Her eyes stung as she bit her lips, laying down on the floor and holding onto her tail for comfort. These people… didn’t they take her in? They had given her a roof, a meal, and even forgiven her for stealing. And now they wanted to sell her? 

For a few trinkets like those? 

The brother and daughter also came down.  

They encircled her, keeping their eyes on her.  

The brother looked dejected. He fidgeted with all four of his arms, his wings laying limps behind his back. The daughter kept sharing glances with her mother, but the woman did not seem eager to have any kind of exchange.  

Sadja balled her fists. Feeling like her heart was being pulled apart, she dried her tears.  

“Please…” she croaked. Stopped. Drew a long breath and tried to steady her voice. “Please let me go.”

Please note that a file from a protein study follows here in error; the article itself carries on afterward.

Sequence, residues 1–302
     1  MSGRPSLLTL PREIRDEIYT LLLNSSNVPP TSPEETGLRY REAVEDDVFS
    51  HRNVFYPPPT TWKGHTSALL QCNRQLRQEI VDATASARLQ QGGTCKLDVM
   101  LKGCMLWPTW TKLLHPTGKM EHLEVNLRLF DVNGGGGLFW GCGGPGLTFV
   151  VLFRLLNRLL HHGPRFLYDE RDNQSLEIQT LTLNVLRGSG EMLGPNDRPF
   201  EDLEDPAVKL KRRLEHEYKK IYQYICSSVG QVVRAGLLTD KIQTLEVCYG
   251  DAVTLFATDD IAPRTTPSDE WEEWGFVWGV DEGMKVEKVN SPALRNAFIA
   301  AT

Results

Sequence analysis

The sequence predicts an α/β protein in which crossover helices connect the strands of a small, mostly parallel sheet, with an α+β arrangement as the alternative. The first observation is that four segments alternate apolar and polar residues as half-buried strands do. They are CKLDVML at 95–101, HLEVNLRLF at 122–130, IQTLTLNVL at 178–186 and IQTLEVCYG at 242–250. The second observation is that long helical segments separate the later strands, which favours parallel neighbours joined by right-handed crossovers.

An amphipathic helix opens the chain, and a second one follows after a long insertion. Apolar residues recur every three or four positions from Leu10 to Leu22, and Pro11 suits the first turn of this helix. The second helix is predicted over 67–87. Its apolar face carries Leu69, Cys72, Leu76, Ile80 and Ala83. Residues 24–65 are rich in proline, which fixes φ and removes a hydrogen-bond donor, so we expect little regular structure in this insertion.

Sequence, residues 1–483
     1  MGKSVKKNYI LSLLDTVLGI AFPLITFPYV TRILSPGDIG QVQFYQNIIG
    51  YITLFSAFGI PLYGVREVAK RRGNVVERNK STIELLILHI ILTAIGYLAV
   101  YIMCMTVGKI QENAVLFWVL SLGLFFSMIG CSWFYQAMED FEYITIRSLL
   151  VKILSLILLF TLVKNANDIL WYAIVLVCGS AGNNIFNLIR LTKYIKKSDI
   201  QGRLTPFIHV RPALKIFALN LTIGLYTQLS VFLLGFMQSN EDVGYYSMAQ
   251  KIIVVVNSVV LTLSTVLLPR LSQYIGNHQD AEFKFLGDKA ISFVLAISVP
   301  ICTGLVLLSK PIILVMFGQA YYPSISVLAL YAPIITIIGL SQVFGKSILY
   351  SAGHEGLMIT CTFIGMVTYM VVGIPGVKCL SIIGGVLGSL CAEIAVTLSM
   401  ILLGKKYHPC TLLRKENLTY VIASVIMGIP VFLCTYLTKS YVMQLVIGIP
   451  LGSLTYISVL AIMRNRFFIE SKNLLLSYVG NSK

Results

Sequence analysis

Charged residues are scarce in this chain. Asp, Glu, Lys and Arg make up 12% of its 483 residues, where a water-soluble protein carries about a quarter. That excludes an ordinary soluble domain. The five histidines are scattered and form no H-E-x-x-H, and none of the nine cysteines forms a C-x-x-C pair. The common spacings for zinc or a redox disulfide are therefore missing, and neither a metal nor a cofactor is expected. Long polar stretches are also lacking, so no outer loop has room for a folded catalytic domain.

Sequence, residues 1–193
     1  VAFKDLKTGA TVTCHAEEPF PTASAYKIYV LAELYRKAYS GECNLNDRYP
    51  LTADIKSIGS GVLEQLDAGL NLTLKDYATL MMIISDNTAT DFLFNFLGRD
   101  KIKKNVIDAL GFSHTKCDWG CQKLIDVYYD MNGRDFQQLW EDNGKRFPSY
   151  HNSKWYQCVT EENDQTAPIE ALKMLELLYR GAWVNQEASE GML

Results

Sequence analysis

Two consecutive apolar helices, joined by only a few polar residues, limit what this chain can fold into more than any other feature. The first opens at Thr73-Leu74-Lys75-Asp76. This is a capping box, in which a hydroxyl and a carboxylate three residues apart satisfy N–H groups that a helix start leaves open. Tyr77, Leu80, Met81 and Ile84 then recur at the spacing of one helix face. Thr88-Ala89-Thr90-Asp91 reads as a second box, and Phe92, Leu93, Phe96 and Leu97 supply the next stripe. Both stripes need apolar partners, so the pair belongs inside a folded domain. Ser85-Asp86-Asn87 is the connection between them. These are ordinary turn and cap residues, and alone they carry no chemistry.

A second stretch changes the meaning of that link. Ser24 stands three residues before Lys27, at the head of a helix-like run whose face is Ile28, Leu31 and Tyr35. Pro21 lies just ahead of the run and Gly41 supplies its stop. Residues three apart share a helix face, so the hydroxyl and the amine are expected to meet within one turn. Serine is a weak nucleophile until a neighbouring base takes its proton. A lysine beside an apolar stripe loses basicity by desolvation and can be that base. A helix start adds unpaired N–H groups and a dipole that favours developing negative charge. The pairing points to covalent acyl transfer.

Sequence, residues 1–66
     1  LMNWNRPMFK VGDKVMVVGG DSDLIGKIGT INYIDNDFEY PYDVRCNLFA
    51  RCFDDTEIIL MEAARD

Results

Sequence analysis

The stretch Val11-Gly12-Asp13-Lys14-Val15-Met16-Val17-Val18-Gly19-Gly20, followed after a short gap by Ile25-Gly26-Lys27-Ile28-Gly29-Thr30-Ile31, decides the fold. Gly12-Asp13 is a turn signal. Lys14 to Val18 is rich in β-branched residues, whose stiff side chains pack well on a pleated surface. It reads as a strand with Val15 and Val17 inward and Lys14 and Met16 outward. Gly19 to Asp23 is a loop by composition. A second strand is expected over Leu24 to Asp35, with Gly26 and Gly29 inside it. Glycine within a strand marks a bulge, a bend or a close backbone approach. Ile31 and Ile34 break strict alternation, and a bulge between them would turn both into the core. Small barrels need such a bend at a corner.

The daughter was the first to talk. She turned back to hiss some unknown words to her mother, and bit by bit the conversation between the two grew louder and quicker. The brother, started, shifted his eyes between the door and Sadja, his four hands clenching.  

And they were just wasting their time. If she had to escape she had to do it now while it was just three against one – the other two would soon come back, and with that so-called merchant there would be more captors, and their throwing nets, and their pokes crackling with lightning and… and… her. At the thought of Mastra Verna slithering through the woods to once more poison her mind with her sweetened lies, Sadja’s lips curled and let out a pained growl. No no no. She couldn’t stay here, she couldn’t… 

The brother dashed towards her. Sadja, caught unaware, had barely the time to bare her teeth when he took… not one of her limbs, but the sturdy firepoke. He pushed her aside, jumped towards the closest window, the one with the thinnest wooden bars to cover it, and using all four of his arms pulled it apart. The planks creaked and fell on the floor, leaving only rusted iron and glass to hinder her.